CODY, WYO. — Taking a page (literally) from the seemingly endless stream of wildly popular comic book properties that are earning billions for Hollywood entertainment conglomerates, the National Park Service is launching a new superhero group based in Yellowstone National Park.
In a series of adventures aimed at attracting a younger generation of visitors to the world’s first national park, the “Guardians of Yellowstone” will fight evil and protect natural resources using skills and powers based on the park’s iconic landscape and wildlife.
The superhero team will make its first appearance next month in a 24-page comic book given out for free at entry gates to any cars with young passengers—or to any visitors who ask for a copy. A series of animated shorts is also being considered, and would be released online and promoted through Yellowstone’s social media channels.
“We see ‘Guardians of Yellowstone’ as a great way to reach younger visitors, educating them about the many unique aspects of Yellowstone, while also getting across some important safety messages,” said Yellowstone spokesman Stan Thatch.
Yellowstone managers and national park advocates have long worried that younger generations lack the same affinity for the outdoors as their parents or grandparents, and fear that “enthusiasm gap” could eventually lead to an erosion in public support for parks.
“There is a concern about the parks losing mindshare in the face of Atari games or chatting on Instagram and so forth,” Thatch said. “So our goal with this superhero initiative is to create a property that makes young people more passionate about Yellowstone.”
The Park Service is keeping many details about early storylines under wraps. But Yellowstone’s public affairs office on Thursday released character bios and images of three superheroes who will appear in “Guardians of Yellowstone” comic books sometime this summer:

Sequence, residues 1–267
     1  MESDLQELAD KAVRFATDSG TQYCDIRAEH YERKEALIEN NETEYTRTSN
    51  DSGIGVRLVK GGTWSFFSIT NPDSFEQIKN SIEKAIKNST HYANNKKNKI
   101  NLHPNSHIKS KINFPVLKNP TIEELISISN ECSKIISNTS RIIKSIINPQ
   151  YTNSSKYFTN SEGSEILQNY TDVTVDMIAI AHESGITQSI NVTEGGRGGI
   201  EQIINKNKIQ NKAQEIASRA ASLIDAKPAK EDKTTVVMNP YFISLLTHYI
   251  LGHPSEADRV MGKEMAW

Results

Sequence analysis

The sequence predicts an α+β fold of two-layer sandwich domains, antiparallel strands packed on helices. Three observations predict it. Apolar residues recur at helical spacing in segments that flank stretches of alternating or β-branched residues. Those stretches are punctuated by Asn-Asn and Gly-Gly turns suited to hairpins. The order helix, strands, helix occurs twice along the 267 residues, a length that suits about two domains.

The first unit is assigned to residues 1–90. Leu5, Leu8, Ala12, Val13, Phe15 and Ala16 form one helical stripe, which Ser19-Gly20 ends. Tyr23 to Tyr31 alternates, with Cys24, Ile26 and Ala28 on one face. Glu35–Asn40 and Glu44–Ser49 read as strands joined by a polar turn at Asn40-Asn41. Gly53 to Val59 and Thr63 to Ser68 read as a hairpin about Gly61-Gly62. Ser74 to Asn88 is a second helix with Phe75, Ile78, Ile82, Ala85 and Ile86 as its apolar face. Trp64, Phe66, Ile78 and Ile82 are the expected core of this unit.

Mild-mannered geologist Calvin Derrick is transformed after being caught in a strange earthquake in a cave near Yellowstone’s underground magma chamber. As Caldera, Derrick gains the power to emit grand eruptions of steaming hot water, bubbling mud and noxious gases. But Caldera’s body is permanently transformed in a way that leaves him feeling like a hideous freak, unsure if he will ever again find love or meaningful human contact.
Leading microbiologist Priscilla Matthews is knocked into Grand Prismatic Spring by an errant drone. Though she suffers only minor burns, Prisma is imbued with special powers by the unique microbes living in the spring. She can blast enemies with a dazzling and disorienting display of multi-colored light, rendering foes confused, dumbstruck and even temporarily blinded.
Little is known about the mysterious, hooded figure known as Lobo, who is often seen watching over the wolves of Yellowstone. Some say Lobo may be linked to the disappearance of the brilliant but volatile field biologist, Beau Lopez, who spent his life studying the park’s gray wolves. Those who have encountered Lobo’s wrath—and heard his chilling howl—say he is a force to be reckoned with, and one of nature’s most zealous defenders.
Thatch said other heroes will also join the “Guardians of Yellowstone,” whose first adventure centers around teaming up to defeat a villain known as Swarm, an enigmatic entity believed to be secretly introducing non-native, invasive plant and animal species into the park.